Dispensationalists have long recognized that, except for the commandment to keep the Sabbath, all of the Ten Commandments are included in the New Testament. As a result, Dispensationalists are concerned about maintaining this biblical standard of morality. However, the New Testament never charges the believer to return to the Old Testament Mosaic system of law. The Holy Spirit's power is God's method of liberating and energizing the Christian to meet His holy standards. The Holy Spirit's controlling work in the Christian enables him not only to fulfill the righteousness of the law, but to exceed its righteousness. This leads us to the issue of the Ten Commandments and the moral law.
The Moral Law and the Ten Commandments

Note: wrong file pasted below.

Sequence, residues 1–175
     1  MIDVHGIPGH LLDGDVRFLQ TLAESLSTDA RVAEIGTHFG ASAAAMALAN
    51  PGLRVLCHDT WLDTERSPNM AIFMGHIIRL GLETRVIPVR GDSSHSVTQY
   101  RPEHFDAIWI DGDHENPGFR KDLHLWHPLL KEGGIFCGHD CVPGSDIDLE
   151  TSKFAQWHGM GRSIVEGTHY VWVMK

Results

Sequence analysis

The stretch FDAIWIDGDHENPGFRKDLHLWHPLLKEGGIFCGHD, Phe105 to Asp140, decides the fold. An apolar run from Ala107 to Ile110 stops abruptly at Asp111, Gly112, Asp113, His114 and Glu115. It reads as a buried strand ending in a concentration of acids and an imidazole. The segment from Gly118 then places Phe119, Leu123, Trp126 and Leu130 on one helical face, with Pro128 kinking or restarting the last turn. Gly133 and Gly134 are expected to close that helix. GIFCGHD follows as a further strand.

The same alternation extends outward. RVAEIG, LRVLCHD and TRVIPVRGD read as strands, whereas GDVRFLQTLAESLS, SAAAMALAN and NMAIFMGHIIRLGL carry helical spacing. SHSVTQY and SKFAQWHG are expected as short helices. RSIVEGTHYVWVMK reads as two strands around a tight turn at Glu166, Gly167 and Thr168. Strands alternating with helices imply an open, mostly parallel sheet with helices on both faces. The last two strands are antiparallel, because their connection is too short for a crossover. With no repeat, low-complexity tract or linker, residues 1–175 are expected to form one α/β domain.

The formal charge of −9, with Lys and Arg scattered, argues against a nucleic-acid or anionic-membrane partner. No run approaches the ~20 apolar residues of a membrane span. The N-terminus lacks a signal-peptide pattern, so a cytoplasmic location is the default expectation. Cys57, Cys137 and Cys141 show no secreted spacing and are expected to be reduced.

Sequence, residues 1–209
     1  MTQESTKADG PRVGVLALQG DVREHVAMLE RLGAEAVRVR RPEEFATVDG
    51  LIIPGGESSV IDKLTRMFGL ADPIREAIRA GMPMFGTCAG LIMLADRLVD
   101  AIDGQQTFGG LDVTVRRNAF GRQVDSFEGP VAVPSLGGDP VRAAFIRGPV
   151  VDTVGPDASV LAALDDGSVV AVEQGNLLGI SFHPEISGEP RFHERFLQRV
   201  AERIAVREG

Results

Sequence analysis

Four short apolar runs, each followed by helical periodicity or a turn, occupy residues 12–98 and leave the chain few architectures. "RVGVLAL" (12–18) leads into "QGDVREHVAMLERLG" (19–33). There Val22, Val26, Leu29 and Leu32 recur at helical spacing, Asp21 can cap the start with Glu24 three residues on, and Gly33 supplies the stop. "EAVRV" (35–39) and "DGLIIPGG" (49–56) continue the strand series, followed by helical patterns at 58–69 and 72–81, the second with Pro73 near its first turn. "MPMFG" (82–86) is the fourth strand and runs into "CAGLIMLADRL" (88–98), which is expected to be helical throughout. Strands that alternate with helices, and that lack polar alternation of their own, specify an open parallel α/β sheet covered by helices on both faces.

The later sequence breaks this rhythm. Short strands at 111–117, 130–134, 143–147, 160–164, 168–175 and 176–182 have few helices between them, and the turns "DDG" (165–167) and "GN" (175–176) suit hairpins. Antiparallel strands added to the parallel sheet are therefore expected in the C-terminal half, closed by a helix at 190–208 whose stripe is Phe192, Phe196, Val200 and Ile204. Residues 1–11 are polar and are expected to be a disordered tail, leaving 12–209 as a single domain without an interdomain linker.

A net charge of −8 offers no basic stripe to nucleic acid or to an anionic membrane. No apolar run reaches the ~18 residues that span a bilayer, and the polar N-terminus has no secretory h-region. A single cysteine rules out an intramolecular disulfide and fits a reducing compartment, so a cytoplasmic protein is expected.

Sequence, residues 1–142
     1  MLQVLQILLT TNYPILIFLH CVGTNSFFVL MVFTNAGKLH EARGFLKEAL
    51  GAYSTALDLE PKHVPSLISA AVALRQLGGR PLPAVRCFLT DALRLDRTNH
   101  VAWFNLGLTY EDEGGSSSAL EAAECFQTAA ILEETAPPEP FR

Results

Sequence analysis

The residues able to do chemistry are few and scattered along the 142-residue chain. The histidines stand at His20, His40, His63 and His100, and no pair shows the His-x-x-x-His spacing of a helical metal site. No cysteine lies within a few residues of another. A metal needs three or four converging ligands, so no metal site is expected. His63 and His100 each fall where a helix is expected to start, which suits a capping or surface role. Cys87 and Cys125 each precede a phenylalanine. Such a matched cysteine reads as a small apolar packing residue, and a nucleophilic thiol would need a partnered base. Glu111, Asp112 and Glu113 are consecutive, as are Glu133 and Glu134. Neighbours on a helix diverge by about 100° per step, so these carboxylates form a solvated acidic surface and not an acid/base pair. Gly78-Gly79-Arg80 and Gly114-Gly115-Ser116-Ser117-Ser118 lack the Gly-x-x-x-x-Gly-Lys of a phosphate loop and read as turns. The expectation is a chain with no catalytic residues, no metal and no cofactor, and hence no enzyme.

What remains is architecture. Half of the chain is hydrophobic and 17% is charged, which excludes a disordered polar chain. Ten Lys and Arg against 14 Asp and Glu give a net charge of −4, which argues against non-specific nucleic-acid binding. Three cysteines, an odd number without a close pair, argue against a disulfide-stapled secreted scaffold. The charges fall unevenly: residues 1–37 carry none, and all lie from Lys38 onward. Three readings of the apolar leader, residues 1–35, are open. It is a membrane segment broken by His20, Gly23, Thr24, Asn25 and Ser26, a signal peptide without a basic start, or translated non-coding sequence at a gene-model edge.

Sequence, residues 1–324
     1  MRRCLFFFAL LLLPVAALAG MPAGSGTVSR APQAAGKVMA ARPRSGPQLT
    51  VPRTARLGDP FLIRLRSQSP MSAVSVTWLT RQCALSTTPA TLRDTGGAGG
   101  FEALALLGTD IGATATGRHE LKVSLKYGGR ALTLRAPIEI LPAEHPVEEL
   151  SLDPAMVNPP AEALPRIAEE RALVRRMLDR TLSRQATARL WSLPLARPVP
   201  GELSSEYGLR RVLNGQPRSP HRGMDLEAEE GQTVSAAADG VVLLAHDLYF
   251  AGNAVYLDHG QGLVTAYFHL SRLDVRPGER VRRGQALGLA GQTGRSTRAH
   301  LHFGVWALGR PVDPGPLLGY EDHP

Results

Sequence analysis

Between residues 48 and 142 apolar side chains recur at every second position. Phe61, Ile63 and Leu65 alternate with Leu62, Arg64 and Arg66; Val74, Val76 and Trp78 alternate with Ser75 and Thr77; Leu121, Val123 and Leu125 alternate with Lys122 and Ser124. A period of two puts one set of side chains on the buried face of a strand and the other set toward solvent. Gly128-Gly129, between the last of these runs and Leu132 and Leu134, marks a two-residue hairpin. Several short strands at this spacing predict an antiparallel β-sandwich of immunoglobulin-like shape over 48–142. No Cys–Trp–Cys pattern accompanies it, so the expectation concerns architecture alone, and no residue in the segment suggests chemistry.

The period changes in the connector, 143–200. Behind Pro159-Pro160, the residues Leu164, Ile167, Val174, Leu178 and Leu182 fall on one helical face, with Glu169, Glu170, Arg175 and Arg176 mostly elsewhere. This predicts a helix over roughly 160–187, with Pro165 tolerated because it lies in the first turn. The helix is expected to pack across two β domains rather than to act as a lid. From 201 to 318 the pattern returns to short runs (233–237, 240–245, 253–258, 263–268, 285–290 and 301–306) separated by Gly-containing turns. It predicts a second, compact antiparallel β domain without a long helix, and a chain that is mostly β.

We may describe the "moral" law as the eternal principles of righteousness, reflecting the mind and heart of God. This law has always existed and is the essence of the will of God for all believers in every dispensation. Its standards are as high as the glory and character of God. This truth is seen in Paul's definition of sin when he writes, "For all have sinned and fall short of the glory of God" (Rom. 3:23). Reformed leaders teach that the civil, ceremonial components of the Mosaic law have passed away, but not the Ten Commandments. While Reformed leaders use the Ten Commandments and the moral law of God almost interchangeably, they are not the same. Although it is true that the Ten Commandments, and indeed all of the Mosaic law, are based upon the moral law of God, we must not make the mistake of equating the Ten Commandments with the moral law of God. The moral law is eternal; a higher, more glorious, and fuller reflection of His nature than the Ten Commandments. This is seen in our Lord's teaching in the Sermon on the Mount when He said, "You have heard that it hath been said by them of old time...but I say to you..." (Matt. 5:33-34).